Mexico City: Fans of Mexico`s late Latin music legend Juan Gabriel wiped away tears on Monday as they filed past his ashes while mariachis played his hits in the capital`s ornate Fine Arts Palace.
The urn containing the star`s ashes stood on a lectern above a red carpet as men, women and children walked by.
A mariachi band wearing sombreros and blue charro suits played as throngs took photos with their phones, made signs of the cross and dried their eyes with tissues.
Thousands braved the rain outside Mexico City`s domed cultural center to get a chance to say goodbye a week after he died of a heart attack at age 66.
Drivers in the mega-city stopped to take photos as a hearse carrying his ashes crossed the capital under police escort after arriving from the northern border city of Ciudad Juarez.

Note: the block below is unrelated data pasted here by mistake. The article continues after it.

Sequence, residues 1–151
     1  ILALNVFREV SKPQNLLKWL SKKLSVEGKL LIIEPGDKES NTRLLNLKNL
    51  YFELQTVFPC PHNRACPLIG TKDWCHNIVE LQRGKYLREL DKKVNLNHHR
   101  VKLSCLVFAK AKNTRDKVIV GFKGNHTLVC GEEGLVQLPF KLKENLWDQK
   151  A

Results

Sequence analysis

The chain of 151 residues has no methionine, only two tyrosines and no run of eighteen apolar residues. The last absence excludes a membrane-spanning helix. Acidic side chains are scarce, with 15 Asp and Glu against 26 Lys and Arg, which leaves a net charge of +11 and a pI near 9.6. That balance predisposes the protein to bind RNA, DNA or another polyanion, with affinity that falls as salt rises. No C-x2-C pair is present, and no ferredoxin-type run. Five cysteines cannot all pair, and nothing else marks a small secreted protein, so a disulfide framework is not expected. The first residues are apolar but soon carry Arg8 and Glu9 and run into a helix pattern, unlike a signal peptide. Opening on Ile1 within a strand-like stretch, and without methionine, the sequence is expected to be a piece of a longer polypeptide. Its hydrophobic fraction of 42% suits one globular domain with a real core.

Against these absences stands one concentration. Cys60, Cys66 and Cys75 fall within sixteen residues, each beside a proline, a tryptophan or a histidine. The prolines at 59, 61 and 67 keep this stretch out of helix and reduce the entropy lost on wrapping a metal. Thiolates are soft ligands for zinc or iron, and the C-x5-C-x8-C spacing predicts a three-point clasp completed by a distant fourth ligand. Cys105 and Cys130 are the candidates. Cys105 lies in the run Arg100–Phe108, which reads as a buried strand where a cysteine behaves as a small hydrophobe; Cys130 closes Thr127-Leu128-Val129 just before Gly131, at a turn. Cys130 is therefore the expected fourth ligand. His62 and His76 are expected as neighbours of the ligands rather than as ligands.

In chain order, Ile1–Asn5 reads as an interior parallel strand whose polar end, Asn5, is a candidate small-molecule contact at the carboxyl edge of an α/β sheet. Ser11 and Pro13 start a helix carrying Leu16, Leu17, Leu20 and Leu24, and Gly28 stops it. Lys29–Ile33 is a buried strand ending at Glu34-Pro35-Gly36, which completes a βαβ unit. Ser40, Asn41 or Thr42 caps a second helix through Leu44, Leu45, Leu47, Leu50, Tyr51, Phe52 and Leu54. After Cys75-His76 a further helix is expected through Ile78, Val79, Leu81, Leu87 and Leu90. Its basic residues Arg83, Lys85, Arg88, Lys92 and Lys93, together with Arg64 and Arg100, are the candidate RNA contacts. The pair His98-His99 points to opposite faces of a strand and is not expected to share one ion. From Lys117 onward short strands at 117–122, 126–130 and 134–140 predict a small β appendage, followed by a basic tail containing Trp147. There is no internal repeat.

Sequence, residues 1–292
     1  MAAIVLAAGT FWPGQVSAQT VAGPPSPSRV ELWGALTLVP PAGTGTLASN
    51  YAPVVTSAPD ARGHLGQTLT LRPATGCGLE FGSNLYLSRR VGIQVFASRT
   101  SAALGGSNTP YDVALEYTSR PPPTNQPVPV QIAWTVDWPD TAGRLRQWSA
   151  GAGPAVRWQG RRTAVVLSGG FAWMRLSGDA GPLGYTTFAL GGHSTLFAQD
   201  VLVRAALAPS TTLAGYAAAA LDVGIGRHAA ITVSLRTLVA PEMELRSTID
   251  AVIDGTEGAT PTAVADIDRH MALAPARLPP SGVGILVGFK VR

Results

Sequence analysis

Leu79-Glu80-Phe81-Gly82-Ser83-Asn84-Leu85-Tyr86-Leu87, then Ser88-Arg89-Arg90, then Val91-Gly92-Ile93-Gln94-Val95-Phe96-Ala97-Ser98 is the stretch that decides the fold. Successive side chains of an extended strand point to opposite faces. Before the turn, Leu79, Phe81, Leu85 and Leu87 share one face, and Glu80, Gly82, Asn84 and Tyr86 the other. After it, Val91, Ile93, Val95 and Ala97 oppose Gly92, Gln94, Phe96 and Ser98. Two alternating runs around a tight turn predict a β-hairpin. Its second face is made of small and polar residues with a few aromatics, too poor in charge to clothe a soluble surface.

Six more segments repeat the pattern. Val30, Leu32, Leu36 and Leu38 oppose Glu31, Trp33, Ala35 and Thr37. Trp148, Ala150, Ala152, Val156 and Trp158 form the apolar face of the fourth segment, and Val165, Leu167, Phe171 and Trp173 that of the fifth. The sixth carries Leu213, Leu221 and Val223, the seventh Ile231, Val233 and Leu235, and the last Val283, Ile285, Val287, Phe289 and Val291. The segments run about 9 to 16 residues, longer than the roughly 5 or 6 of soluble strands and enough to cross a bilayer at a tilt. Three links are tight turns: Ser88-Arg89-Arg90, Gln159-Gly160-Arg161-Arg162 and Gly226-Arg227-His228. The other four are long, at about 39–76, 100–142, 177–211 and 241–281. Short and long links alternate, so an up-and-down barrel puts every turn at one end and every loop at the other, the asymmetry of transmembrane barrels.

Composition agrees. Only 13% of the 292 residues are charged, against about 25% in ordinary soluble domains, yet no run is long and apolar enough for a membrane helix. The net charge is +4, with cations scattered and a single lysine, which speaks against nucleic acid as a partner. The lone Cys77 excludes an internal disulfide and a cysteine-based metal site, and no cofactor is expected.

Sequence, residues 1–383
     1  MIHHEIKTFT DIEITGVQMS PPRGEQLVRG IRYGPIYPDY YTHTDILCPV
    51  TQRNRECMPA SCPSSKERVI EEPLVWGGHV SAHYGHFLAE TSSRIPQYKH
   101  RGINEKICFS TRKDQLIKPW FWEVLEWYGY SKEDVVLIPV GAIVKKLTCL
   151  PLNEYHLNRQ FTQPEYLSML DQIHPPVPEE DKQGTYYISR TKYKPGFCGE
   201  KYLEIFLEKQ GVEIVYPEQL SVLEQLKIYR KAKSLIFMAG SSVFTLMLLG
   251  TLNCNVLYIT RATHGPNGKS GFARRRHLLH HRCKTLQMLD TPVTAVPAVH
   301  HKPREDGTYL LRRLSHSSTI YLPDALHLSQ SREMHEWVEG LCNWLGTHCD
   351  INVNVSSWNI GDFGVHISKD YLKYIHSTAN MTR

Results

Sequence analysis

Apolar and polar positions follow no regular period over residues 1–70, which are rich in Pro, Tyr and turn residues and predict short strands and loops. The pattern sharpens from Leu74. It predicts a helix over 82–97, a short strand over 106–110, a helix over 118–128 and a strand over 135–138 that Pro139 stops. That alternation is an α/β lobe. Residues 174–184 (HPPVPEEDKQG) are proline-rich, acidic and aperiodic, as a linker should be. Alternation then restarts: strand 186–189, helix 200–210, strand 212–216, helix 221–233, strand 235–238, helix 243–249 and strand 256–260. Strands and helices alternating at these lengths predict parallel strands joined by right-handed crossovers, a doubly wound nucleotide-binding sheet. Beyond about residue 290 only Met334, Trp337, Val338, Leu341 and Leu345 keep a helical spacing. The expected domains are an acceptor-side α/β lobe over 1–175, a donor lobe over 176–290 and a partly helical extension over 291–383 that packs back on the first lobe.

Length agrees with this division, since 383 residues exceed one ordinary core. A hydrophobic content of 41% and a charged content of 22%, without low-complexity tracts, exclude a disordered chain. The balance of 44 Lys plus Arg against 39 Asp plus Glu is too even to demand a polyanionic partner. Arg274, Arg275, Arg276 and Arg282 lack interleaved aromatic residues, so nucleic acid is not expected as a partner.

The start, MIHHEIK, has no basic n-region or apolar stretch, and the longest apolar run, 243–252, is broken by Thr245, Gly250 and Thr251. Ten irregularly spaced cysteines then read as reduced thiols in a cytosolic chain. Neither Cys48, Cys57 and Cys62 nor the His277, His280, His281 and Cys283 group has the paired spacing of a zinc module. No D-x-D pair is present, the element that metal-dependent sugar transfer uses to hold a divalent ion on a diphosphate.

Fans danced and sang "Amor Eterno" ("Eternal Love") and other favorites outside the palace. The authorities expect hundreds of thousands of people to file past the urn until Tuesday.
The singer known as the "Divo of Juarez," who touched millions with wrenching ballads of love and loneliness, died on August 28 at his home in Santa Monica, California during a break in his latest tour.
An old-school idol some dubbed Mexico`s Elvis Presley, Gabriel wrote hit songs, sold tens of millions of records and received six Grammy nominations.
He earned a star on the Hollywood Walk of Fame in a barrier-busting career that won him admirers around the world.
His hits included "No Tengo Dinero" ("I Have No Money"), "Hasta Que Te Conoci" (Until I Met You) and "Amor Eterno."
The ashes of "Juanga," whose real name was Alberto Aguilera Valadez, were taken to Ciudad Juarez, where his career began, over the weekend before arriving in Mexico City.Paty Berumen, a 39-year-old mother of six who works as a clown in El Paso, Texas, traveled to Mexico City last week to say goodbye to her idol.
"I don`t just like Juanga, I love him," she said outside the Fine Arts palace.